Fuel Economy and Real-World MPG
We have yet to submit the 2020 Acadia with its new nine-speed automatic transmission to our real-world highway-fuel-economy test. Despite this new transmission, the 2020 Acadia's EPA ratings are barely changed: the front-drive version with the base 2.5-liter engine's ratings are now 21 city and 26 highway; its city rating is unchanged, while its highway rating increases by 1 mpg. For the optional 3.6-liter V-6 with front-wheel drive, the 2020 numbers increase by 1 mpg in the city, to 19 mpg, while the highway number increases by 2 mpg, to 27.
Interior, Comfort, and Cargo
The Acadia's compact exterior may help it fit into garages and parking spaces, but it imposes consequences on interior spaciousness. The interior design is pleasing to the eye, and most controls are intuitive and within reach of the driver. A black-and-white gauge cluster with red needles provides information at a glance; Denali models feature a reconfigurable center screen that provides a plethora of additional vehicle information depending on the driver's settings. The tilting-and-telescoping steering column could use more range to give very tall or very short drivers a comfortable position, but it still works for most people. The leather-wrapped steering wheel features aluminum trim that is convincingly upscale. Unfortunately, some of the interior materials have a cheap look and feel.
With the third row in use, we were only able to fit two carry-on suitcases in the Acadia, but with the second- and third-row seats stowed, we were able to fit 28. The Dodge Durango held four cases behind its third row and 30 with the rear rows of seats folded, so it might be a better choice if you'll be frequently hauling people and cargo at the same time.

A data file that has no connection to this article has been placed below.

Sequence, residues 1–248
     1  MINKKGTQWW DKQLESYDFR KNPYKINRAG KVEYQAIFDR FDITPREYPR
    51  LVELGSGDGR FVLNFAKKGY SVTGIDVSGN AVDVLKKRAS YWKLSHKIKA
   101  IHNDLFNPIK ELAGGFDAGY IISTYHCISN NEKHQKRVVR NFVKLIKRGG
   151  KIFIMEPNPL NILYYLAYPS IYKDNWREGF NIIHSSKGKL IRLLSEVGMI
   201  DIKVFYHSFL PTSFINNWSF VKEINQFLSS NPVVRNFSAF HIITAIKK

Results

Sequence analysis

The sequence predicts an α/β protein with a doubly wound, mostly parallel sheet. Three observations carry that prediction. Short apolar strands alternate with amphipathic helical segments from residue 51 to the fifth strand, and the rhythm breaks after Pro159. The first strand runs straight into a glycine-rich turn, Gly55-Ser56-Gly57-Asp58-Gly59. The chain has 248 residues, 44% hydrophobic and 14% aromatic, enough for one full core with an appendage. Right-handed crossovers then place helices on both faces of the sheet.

Infotainment and Connectivity
When it comes to technology, the Acadia offers plenty for the whole family. From an abundance of USB ports to onboard 4G LTE Wi-Fi, passengers can easily stay connected. The touchscreen infotainment system is intuitive and responsive; charging more than one device that requires a 12-volt outlet may prove a challenge, as only one of those outlets is provided.
Safety and Driver-Assistance Features
Overall Safety Rating (NHTSA)
The Acadia did great in its crash tests with the Insurance Institute for Highway Safety but missed out on a Top Safety Pick award because its headlamps scored only Marginal in that test; the National Highway Traffic Safety Administration gave the all-wheel-drive Acadia five stars and gave four stars to the front-wheel-drive model. Its driver-assistance technologies add an additional level of protection, but they're either expensive options or they force the buyer to choose one of the costly top trims. Key safety features include:
- Available automated emergency braking
- Available lane-keeping assist
- Available blind-spot monitoring
Warranty and Maintenance Coverage
The Acadia comes with a comprehensive warranty and maintenance coverage package as standard, with additional protection plans available from dealers. Hyundai offers longer limited and powertrain warranties, but GMC does cover the Acadia's first maintenance visit within the first year of ownership.
- Limited warranty covers 3 years or 36,000 miles
- Powertrain warranty covers 5 years or 60,000 miles
- Complimentary maintenance is covered for the first visit